Mohamed Jassem, a small investor, bought 1,000 Qatar National Bank (QNB) shares for QR 172,000 early in January of 2014. When the year came to a close he was happy to see that he had made a return of QR 41,000 on the stocks as they rose 23.78 percent in value to QR 212.90.

A jubilant Jassem offloaded 500 of the QNB stocks and retained the remaining 500 in the hope of making at least QR 20,000 more profit in 2015, aside from getting good dividend income. But as 2015 ended, the stocks fell by almost 18 percent to QR 175, so instead of making a profit of QR20,000, Jassem lost almost an equal sum –  QR19,000.

QNB’s are not the only shares Jassem holds as he manages a fairly average size of portfolio and may now seek professional help in portfolio management.

He and many other investors have eagerly been looking forward to a safer route to stock investment, which is through mutual funds. But that is almost non-existent in Qatar as the number of listed shares on the local equity market (Qatar Stock Exchange popularly known as Qatar Exchange) remains 43 – too small a number for mutual fund providers to enter the market in some big way.

For Ahmed Salem*, another small investor on the Qatari bourse, 2014 literally proved to be a year of financial windfall. He bought 2,000 Islamic Holding shares on the advice of a friend for QR 92,000 in January, 2014 at the rate of QR 46 per share, and when the year was ending his joy knew no bounds as the stocks had grown 171 percent in value to QR 248,000. He had made a killing of QR 156,000 in just a matter of a year.

Qatar levies no capital gains tax even if one sells the shares the same day one buys or a month, a year or two after the purchase. And this no-capital gains tax policy is for locals as well as foreigners. The idea, obviously, is to woo more foreign investment into its securities market which remains small.

Salem was lucky in 2014 when the local stock market surged by an impressive 18.36 percent. The main benchmark index of Qatar Exchange gained over 1,906 points to close at 12,286 in the year. The market capitalisation, or investors’ wealth, was at its peak – a little over QR 676.79 billion. The stocks grew in 2014 impressively enough, although oil prices in the global markets had begun sliding in June that year itself.

Jassem, Salem and tens of thousands of other small investors like them, corporate and institutional investors included, weren’t lucky in 2015 which has just ended. Qatari equities fell 15.11 percent in the year.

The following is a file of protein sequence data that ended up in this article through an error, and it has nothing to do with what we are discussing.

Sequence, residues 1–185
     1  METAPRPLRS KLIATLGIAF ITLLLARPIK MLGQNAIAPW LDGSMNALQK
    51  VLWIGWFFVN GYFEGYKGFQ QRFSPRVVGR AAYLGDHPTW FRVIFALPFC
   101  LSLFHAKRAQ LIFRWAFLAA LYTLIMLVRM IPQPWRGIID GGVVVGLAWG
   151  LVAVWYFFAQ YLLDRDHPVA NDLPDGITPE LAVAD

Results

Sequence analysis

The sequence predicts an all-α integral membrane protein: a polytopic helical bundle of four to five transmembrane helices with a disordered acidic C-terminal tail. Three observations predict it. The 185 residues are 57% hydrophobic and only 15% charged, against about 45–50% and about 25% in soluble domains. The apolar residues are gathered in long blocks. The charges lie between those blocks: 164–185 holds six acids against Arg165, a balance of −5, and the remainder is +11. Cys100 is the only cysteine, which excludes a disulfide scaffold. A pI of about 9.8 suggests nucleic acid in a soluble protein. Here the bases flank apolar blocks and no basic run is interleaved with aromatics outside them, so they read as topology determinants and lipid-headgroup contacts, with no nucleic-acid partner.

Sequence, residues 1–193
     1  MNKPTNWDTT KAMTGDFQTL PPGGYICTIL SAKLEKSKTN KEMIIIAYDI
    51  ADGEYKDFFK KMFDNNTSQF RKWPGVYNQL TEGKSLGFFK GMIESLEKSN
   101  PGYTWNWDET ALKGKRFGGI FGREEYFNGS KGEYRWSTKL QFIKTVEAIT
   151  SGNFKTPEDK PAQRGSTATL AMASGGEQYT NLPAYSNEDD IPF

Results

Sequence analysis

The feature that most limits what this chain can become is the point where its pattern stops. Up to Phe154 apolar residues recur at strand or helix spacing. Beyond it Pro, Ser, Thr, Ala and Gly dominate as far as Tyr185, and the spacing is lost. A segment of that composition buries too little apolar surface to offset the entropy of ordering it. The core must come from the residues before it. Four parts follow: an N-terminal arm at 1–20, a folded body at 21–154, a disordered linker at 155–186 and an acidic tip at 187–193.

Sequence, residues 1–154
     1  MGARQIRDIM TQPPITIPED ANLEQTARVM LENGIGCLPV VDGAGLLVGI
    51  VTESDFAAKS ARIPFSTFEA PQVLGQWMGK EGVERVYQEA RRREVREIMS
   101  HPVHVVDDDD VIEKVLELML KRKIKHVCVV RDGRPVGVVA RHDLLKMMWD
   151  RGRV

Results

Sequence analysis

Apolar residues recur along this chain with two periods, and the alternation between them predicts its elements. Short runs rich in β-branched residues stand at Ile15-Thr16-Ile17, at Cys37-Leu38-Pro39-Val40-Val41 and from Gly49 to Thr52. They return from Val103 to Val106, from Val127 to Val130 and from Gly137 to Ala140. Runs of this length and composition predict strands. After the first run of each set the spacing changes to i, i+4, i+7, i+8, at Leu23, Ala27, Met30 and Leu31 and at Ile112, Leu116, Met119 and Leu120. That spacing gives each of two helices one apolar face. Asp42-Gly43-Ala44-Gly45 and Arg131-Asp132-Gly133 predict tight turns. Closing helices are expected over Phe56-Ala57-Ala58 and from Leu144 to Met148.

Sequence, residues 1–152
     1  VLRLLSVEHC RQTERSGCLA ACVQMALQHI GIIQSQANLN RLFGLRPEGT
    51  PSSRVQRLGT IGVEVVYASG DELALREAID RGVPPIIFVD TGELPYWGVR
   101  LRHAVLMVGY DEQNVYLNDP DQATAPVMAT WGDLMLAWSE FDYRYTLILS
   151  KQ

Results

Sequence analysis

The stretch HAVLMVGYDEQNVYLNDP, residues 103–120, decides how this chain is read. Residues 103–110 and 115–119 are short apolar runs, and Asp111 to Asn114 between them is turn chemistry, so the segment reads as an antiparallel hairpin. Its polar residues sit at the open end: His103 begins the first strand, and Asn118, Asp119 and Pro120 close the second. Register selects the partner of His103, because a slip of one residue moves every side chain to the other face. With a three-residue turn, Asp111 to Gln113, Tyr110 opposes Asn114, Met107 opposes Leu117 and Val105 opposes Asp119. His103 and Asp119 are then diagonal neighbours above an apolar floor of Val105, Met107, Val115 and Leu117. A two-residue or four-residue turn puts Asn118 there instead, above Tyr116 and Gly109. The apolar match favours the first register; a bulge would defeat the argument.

Some analysts attribute the fall to the continuous crude price decline over 18 months in the international market. The decline on Qatar Exchange has been despite the fact that company earnings for the first nine months of 2015 have been robust. Full-year net profits should be known by this month, but at least 7 percent growth in collective net profits of the listed entities is expected.

Market capitalisation

The main benchmark index of Qatar Exchange fell by 1,856.42 points in 2015 to 10,429.36. Market capitalisation stood at QR 553.17 billion as on 31 December, 2015, the last day of trading in the year.

Interestingly, in two years since early January 2014, investors on the QE have become poorer by QR 123.82 billion. In other words, investors’ wealth or the market cap has declined by QR 123.82 billion in the past 24 months. The market cap of QE, as on  1 January, 2014 was a little over QR 676.79 billion, sliding to QR 553.17 billion on the last day of trading 24 months later, on 31 December, 2015.

It is interesting to note that in less than a week since the year 2015 ended, the market cap of Qatar Exchange has fallen by QR 18.18 billion, to QR 534.99 billion, on 6 January, 2016, from QR 553.17 billion as on 31 December, 2015.

Biggest losers

The stocks that have taken the maximum beating in 2015 include Islamic Holding (down 36.79 percent to QR 78.70 from QR 124.5 earlier in the year), and Dalala (stock brokerage firm which lost as much as 56.8 percent with its shares closing at QR 18.49 from QR 42.8 early in 2015).

The other shares that lost included Ooredoo (down 39.47 percent), Vodafone Qatar (lost 22.8 percent), Mazaya Qatar (down 25.85 percent), UDC (down 12.04 percent), and Gulf Insurance (down almost 40 percent).

Still other major losers were Doha Insurance (down 27.59 percent), Messaieed Petrochemicals Holding Company whose shares were down 34.24 percent to QR 19.40, Gulf International whose stocks lost almost 47 percent, Industries Qatar (IQ) which was down 33.87 percent, National Cement (down 22.73 percent), local petroleum products distributor and record dividend paymaster Woqod (Qatar Fuel) whose stocks shed 27.8 percent value. Qatar Cinema and Qatar-German Medical Devices Company were losers, too.

The year was so bad for Qatari equities that of the 43 listed stocks, 36 fell. Stock analyst, Afa Boran, who is head of asset management at Amwal, told local media in remarks in January 2016 that a 15 percent decline of Qatari stocks was not a cause of worry as it was broadly in line with other GCC markets.

However, another analyst tells BQ since oil prices are not expected to improve significantly this year, Qatari equities could remain subdued in 2016 also. He, though, adds he is upbeat about the long-term prospects of Qatari stocks.



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